09 Jul 2015 18:05 IST

Get talking… and the networking will follow

How to deal with foreign clients in both work and non-work situations

When Indians go to the client’s sites overseas or have to network in non-technical scenarios or environments, we seem to have a problem forging friendships by engaging in small talk or using the small opportunities to foster goodwill.

Let’s consider some samples:

Elevating subjects

Recently, an Indian manager who had returned from a visit abroad shared this dilemma with me: “I was in an elevator with one of my clients. We talked generally about work but I was keen on establishing a relationship and, perhaps, build a personal connect on any issue. I was not very successful in doing that in the two-three minutes that I had with him. What should I have done instead?”

This was my advice to him: In the US, and in most parts of the western world, the personal and the professional are kept separate. If the other person initiates personal conversation, then do respond. If, for instance, he or she says: “My son loves the dumplings served in this Chinese restaurant,” then you could ask: “Oh, how old is your son?” or you might say “I love dumplings too, what does your son do?” Then, based on the other person’s response — warm/restrained — you can decide whether to pursue that line of conversation or to drop it.

Great examples of impersonal topics to discuss outside the formal business scene would include the weather (Is it unusual to have rain now?), food (this cheese is excellent!) and sports (I don’t follow tennis/cricket/soccer very much; I would love to have you explain it sometime).

Games people play

Sometimes we tend to give long-winded explanations instead of just the crux of the information required.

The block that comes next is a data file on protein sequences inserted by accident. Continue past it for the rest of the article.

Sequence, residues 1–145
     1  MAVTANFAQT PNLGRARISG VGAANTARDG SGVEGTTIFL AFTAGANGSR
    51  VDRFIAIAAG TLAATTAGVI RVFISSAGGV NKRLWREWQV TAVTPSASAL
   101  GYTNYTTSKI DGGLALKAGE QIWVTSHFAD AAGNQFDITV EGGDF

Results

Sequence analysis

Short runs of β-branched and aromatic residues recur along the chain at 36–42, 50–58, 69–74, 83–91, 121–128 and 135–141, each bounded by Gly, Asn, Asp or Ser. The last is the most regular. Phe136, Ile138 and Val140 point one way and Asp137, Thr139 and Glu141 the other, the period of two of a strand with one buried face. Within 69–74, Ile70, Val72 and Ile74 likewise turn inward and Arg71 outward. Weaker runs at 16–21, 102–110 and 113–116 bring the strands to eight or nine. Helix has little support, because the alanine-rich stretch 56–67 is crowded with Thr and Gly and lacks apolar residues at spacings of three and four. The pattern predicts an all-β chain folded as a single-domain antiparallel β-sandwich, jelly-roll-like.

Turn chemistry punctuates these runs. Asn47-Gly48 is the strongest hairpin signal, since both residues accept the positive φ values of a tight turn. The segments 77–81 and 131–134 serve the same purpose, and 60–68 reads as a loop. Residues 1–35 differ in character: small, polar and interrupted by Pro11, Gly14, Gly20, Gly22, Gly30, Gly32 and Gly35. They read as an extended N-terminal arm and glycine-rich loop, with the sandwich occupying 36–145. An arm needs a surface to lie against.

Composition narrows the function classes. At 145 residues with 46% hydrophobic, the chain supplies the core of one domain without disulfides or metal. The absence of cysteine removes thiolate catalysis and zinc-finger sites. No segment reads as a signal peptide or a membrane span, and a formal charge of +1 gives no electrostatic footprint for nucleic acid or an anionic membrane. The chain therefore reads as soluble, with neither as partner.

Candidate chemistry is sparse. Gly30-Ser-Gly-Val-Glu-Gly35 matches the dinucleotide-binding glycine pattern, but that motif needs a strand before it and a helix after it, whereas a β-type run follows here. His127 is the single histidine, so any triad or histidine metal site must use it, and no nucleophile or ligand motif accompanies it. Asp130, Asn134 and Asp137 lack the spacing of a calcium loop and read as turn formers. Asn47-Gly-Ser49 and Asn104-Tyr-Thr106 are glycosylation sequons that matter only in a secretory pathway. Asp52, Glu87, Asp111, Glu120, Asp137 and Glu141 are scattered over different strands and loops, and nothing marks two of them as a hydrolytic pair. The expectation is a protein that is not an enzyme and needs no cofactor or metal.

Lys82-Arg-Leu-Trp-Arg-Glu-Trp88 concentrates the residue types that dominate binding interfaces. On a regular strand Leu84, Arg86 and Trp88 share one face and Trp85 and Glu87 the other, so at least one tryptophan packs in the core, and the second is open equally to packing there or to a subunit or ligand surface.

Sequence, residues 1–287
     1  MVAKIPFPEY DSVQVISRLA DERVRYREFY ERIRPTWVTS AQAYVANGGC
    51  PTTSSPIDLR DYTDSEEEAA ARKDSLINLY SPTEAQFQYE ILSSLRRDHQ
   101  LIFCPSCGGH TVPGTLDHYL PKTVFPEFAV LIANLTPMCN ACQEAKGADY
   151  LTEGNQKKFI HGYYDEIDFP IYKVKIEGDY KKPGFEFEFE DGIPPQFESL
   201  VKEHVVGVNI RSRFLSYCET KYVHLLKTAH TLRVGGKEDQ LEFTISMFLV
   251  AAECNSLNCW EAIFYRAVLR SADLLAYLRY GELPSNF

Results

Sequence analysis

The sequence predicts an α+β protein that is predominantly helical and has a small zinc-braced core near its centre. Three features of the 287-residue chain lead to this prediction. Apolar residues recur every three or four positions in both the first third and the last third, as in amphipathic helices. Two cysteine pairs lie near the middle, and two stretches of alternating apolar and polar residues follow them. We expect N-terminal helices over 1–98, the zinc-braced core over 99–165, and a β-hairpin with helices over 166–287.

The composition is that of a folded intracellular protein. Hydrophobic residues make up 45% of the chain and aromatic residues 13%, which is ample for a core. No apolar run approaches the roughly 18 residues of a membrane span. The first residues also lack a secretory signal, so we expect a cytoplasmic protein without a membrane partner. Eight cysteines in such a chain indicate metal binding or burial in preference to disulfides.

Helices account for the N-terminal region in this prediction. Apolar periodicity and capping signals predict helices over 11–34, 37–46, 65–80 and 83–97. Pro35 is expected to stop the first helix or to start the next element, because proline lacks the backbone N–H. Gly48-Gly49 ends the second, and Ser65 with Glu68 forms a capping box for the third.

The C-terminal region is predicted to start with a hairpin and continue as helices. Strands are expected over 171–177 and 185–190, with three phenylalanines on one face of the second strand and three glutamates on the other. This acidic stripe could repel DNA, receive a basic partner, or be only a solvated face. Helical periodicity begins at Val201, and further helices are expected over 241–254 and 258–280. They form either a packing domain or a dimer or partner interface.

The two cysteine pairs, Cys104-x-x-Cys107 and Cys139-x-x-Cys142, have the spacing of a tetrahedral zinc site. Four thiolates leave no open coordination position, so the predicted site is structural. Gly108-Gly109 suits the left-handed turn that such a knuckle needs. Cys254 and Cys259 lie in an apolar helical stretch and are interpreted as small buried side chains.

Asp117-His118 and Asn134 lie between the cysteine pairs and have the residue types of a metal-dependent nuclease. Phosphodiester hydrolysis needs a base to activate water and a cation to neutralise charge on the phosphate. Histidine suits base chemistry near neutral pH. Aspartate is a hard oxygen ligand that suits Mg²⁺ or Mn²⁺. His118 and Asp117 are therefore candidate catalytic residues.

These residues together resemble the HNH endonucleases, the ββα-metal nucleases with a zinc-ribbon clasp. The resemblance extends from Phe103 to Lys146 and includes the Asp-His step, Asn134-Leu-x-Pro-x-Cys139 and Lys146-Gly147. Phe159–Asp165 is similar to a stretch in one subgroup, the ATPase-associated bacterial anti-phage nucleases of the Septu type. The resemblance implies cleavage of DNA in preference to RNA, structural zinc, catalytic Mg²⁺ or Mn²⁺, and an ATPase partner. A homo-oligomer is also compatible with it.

Scenario: During a presentation, a relationship manager from India addressed a client’s question in great detail, but the client was still unclear at the end of his explanation. This caused some anxiety during the meeting that could have been avoided.

Ideal outcome: The Indian should have first answered the question directly and then backed it up with the rationale. This would have put the client at ease.

Scenario: Person asks: When can I have the full proposal?

Answer that gets no one anywhere: It will take at least two days to test it in the laboratory. Also, we must compare it with the previous version properly. We want to ensure it is a plug-and-play version. So let’s see … (question “when” not yet answered.)

Answering to the point: Thursday before noon, your time. I need the extra two days to first test it in our laboratory. Then our offsite team will compare it with the version we sent you last year. It will make it much easier for you to use the solution as a plug-and-play.

Social interaction requires effort. If you stand around hoping people will come and talk to you, you are likely to be left doing just that: standing. What’s even worse, if you hang out with a bunch of other Indians, as they are your comfort zone, your non-Indian business associates will consider you to be nerdy and part of the office clique. Relax, come out of your comfort zone. Networking is everything these days. Stay curious, stay open.

And now for some general dos and don’ts in a non-Indian business setting:

No propping yourself in your co-worker’s office after office hours assuming you can chat. Instead, if you want to have some ‘connect’ time with him, say: “Do you want to grab a coffee/drink after work?”

No back-slapping, hugging, touching, patting (remember, physical space is important to the other person even if of the same sex).

No prying personal questions: How old is your mom? How many sisters do you have? When did you get divorced? (Mental space is as important as physical space, and needs to be respected).

No asking for home/mobile phone numbers: Wait till it’s given to you without asking.

It’s a good idea to talk about:

Local sports teams: Large cities have a team for every sport - football, baseball, basketball, ice-hockey, among others.

Local educational institutions: A lot of people in any given business setting will be alumni of prestigious institutions.

Places to eat: That’s usually a good way to establish rapport.

Recreation: “Can you recommend things I could do during the weekend?”

All these questions can get a conversation going.

You could also try paying a sincere compliment. Only, remember, if you’re a man and if it’s a woman you’re talking to, be sure you don’t get too personal, so it doesn’t get termed sexual harassment.

To be on the safe side, you could run a few compliments past a trusted friend to make sure they won’t be considered offensive in a non-Indian context.

An example of an acceptable compliment would be a generic one: “What an unusual colour!” referring to a lady’s dress, or accessories.

As you get talking, you’ll find bridges being built. So run along, have that chat.